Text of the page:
Civil society leaders struggled to curb tide of disinformation during 2019 Tunisian elections and demand greater transparency from social media platforms
23 March 2020
- New analysis shows civil society groups and digital rights activists faced several obstacles to observe social media during the elections due to lack of available data
- Election observers calling for changes to data privacy laws and election regulations to protect integrity of future elections
Researchers at the Oxford Internet Institute, University of Oxford, have uncovered significant barriers to civil society groups and digital rights activists tracking the spread of online disinformation and hate speech during the 2019 Tunisian elections and are calling for changes to the current system to protect the integrity of future elections.
In the latest data memo from the Computational Propaganda project, co-authored by lead researcher Mona Elswah, Oxford Internet Institute and Professor Philip N. Howard, Director, Oxford Internet Institute, “The Challenges of Monitoring Social Media in the Arab World: The Case of the 2019 Tunisian Elections”, the Oxford academics assess the spread of disinformation online and the effectiveness of existing laws to counter online disinformation in Tunisia.
“Our study shines a light on the challenges facing Tunisian civil society groups and digital rights activists in the digital age. Facebook is the most popular social media platform in Tunisia, with more Tunisians registered on Facebook than there are registered voters in the country. Civil society groups and activists need better access to Facebook data on political advertising to enable them to assess the prevalence of disinformation in political campaigning and its implications for Tunisian democracy”.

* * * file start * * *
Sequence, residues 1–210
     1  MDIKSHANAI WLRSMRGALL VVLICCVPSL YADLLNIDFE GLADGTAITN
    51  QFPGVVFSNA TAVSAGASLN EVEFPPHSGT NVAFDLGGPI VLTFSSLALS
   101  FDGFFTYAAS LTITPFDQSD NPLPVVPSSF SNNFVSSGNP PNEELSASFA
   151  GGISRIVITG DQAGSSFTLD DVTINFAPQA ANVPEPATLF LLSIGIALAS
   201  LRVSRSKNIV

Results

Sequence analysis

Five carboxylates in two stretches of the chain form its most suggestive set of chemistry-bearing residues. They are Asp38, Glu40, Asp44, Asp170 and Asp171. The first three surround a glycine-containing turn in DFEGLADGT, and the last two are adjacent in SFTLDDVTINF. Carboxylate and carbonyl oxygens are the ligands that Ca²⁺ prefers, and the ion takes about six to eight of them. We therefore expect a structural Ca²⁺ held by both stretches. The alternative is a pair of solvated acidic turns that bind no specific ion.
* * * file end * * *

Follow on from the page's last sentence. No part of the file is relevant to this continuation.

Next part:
Researchers conducted face to face interviews with twenty civil society leaders and digital rights activists in December 2019. The interviews addressed the following areas: the ability of civil society groups to monitor social media effectively during the elections, technical and legal challenges faced by leaders and activists while monitoring social media and ways to prevent the spread of online disinformation in Tunisia.
- Tunisian civil society groups concerned about the spread of disinformation online
- Majority of civil society groups and digital rights activists lacked human and financial capacity to effectively monitor social media in Tunisia
- Efforts to monitor social media in run up to and during 2019 Tunisian elections were limited and not co-ordinated between civil society groups
- Lack of access to Facebook data and absence of on online data analysis tools to collect real-time data
- Facebook ads library acts as a barrier to Tunisian social media observers as it doesn’t archive electoral or political advertising nor provide further details about political ads in Tunisia
- Civil society leaders and digital rights activists calling for legal amendments to current laws to include regulation of online disinformation
“We believe that social media platforms have a responsibility to act now and provide civil society groups and digital activists with better access to their data. In addition, civil society groups are also calling for an overhaul of the electoral system and would like to see amendments to the current laws in Tunisia to reflect the digital age. Without platform providers adopting greater transparency, it will be difficult for democracy in Tunisia to flourish.”
For more information or to request an interview, please contact Sara Spinks on 01865 287220 or email firstname.lastname@example.org
Notes for editors
For previous data memos visit the OII’s Computational Propaganda Project website.
About the Oxford Internet Institute
The Oxford Internet Institute (OII) is a multidisciplinary research and teaching department of the University of Oxford, dedicated to the social science of the Internet. Drawing from many different disciplines, the OII works to understand how individual and collective behaviour online shapes our social, economic and political world. Since its founding in 2001, research from the OII has had a significant impact on policy debate, formulation and implementation around the globe, as well as a secondary impact on people’s wellbeing, safety and understanding. Drawing on many different disciplines, the OII takes a combined approach to tackling society’s big questions, with the aim of positively shaping the development of the digital world for the public good.